velocity, which may not exist for any single round, that splits all the variations right down the middle, so to speak. But there's no need to fire mountains
of test rounds. Math lets us figure our true velocity as accurately as if we'd fired at least one teeny mountain of test rounds.
If we compare each actual velocity to the calculated average velocity, we get the deviation of each shot from the average velocity. If we add all these
deviations and divide by the number of rounds that we've fired, we get the mean deviation. But this isn't a lot of real help to us. So we multiply
each deviation by itself — 12 ft/sec times 12 ft/sec, for example — add the products of these squared deviations, divide by the number of rounds that we've fired,
and get a number that's called the variance of these deviations. The square root of this variance — just punch the right button on a good pocket calculator,
and you have it — is what the statisticians call the root main (or is it mean?) square deviation — fancy term, huh? The favored term for it, these days,
is the standard deviation, and it's generally regarded as the best way to compare results that vary mathematically — group sizes, velocity spreads — to compare relative
And I could go on — if I were a mathematician and knew how to divide the standard deviations, square the result, refer to a table of variance ratios, and apply
something called the F test — or if I knew how to convert the standard deviations to estimated standard deviations, to multiply the difference between the averages by
the number of rounds fired (easy, I understand, with the appropriate tables), and to apply the t test to find — finally — for example, that a difference of, say,
17.6 ft/sec is only routine and to be expected in five-round samples of a given load.
Another example: in 1964, a shooter's five-round average velocity was 2,826 ft/sec. In 1965, after firing between 1,000 and 1,500 rounds of the same ammo,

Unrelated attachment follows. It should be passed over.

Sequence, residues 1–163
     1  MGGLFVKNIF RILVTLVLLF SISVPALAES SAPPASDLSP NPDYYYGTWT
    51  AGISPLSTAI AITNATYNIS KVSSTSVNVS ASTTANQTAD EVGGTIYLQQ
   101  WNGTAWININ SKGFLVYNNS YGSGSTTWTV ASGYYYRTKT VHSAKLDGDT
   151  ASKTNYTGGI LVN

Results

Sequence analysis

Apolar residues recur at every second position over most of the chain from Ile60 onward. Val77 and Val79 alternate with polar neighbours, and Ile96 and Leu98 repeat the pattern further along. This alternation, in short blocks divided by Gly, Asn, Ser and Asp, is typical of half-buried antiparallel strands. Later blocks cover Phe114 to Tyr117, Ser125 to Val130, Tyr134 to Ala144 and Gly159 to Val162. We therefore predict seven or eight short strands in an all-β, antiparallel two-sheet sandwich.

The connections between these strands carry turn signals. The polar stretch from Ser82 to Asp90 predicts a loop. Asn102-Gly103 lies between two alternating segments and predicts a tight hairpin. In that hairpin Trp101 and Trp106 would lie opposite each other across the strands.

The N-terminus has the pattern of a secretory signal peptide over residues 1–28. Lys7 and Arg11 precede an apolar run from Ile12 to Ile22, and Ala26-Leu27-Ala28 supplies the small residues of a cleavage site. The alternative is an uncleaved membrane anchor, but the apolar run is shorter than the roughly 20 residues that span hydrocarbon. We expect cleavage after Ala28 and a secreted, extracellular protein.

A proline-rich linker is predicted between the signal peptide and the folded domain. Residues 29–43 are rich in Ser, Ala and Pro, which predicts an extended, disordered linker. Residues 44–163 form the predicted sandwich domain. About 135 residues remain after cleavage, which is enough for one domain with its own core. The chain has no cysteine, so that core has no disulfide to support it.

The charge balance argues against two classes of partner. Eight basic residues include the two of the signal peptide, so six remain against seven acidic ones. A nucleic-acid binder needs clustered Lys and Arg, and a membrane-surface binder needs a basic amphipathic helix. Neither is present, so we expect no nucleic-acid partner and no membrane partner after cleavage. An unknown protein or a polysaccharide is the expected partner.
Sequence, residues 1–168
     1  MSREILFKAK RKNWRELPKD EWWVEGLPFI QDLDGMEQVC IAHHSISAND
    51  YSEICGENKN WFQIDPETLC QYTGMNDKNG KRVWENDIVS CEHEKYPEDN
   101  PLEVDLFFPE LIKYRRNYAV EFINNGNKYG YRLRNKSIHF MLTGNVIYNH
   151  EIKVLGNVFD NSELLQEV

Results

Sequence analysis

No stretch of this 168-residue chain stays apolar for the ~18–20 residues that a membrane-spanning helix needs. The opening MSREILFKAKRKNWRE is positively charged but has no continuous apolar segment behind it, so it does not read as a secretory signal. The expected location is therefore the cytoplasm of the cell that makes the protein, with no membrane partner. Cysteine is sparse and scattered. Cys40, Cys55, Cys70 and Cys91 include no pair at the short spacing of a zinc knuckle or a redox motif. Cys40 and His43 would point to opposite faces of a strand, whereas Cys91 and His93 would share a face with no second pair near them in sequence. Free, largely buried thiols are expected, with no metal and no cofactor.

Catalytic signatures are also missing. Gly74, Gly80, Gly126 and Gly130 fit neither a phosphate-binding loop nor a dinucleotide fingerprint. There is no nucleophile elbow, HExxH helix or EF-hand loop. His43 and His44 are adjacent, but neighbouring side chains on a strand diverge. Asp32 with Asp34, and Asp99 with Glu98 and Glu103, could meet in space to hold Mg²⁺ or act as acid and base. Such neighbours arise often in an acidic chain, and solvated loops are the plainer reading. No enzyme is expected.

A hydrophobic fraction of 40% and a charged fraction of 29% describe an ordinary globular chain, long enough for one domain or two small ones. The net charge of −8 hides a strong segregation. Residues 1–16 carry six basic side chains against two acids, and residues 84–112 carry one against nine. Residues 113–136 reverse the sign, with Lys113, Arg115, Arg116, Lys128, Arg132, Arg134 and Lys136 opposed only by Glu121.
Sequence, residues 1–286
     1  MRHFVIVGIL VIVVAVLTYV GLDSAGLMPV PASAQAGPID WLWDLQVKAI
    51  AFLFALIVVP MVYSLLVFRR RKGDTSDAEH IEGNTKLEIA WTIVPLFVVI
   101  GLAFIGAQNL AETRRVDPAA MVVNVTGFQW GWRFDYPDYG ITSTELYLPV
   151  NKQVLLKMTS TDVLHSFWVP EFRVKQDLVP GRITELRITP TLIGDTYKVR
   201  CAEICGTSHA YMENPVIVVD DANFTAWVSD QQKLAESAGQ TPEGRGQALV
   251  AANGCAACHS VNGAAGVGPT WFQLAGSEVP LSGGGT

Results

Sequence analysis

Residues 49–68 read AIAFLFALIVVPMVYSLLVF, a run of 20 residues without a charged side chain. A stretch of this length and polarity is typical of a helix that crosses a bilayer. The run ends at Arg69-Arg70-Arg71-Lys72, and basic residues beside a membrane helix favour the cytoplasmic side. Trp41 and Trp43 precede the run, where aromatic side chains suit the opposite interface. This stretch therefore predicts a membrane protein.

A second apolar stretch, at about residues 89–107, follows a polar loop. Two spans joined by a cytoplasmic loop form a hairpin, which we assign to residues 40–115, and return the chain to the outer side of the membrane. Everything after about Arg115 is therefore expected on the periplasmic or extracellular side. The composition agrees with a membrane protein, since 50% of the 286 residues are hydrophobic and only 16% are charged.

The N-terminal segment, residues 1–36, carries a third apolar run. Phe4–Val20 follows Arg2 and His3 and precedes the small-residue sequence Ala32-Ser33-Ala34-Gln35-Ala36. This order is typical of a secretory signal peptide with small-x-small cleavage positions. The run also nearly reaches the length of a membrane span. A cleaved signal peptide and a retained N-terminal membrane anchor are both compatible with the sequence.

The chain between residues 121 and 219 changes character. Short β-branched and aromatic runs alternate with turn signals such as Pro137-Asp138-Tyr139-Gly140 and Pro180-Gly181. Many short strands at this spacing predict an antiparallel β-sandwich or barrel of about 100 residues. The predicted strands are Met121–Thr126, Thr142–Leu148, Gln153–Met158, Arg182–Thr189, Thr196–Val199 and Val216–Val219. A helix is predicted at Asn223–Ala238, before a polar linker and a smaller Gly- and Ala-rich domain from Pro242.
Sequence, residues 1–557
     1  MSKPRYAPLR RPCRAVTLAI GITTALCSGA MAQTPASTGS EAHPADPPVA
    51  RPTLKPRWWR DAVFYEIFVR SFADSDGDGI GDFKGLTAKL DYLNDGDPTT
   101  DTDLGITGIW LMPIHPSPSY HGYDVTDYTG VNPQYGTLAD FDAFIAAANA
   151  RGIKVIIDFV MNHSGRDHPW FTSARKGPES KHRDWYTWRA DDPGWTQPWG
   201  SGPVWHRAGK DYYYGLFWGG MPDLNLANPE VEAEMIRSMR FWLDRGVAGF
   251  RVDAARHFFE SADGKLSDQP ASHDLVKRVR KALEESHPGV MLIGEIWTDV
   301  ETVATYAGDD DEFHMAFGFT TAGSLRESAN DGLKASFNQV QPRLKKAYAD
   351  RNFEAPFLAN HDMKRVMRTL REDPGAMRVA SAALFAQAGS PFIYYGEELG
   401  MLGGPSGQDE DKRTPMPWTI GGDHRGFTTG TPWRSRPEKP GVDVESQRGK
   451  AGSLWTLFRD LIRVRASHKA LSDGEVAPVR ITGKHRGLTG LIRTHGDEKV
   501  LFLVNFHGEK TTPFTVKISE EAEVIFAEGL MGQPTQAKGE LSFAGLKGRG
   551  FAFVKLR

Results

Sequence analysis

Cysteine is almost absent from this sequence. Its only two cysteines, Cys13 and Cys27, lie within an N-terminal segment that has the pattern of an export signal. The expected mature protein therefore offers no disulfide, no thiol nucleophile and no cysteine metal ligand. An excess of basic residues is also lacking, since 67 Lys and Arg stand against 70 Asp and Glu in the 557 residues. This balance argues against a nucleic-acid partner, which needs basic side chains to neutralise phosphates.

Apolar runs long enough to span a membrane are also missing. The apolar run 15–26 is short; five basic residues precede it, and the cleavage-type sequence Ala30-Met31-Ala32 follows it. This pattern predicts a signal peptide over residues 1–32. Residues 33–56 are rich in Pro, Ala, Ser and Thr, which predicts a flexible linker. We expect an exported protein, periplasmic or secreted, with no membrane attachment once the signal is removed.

he fired another five-round test string — at a significantly different air temperature — and his average velocity was then only 2,716 ft/sec — a "loss" of
110 ft/sec? Not really. He did all the right figuring, applied the F test, and discovered "with a high degree of confidence" that this difference
was only the normal, typical, to-be-expected result of a five-round test of the uniformity of his load. Also, the t test revealed that there was less than
one chance in a thousand that the "loss" of 110 ft/sec was only a normal variation in his load. The rounds that he'd loaded were as nearly identical as
anyone could have made them.
The lesson that we math ignoramuses can learn from all this is that different numbers in our chronograph data don't necessarily mean significantly different
performance that we should try to refine or expect to reduce further. The ultimate in practicably reachable uniformity or consistency is always going to give
us a bunch of numbers that vary "all over the place" while they're essentially identical.
I've borrowed the thunder of another man's brain long enough. The tips that I've just passed on to you aren't products of my ingenuity or fruits of my
knowledge. They're some of the things I've been learning from my cherished friend of many years, the great pioneer American ballistician
Homer S Powley. I've simply rewritten some material that Homer presented much more succinctly, years and years ago, in a couple of his short ballistics
memos and reports. Another time, I'll give you a run-down on an old article that he wrote — which doesn't exist any more, as Homer wrote it — that's now
reflected only in other writers' total rewriting of the information in Homer's original manuscript — telling how to use chronograph data to estimate chamber
pressures. Stay tuned for that one.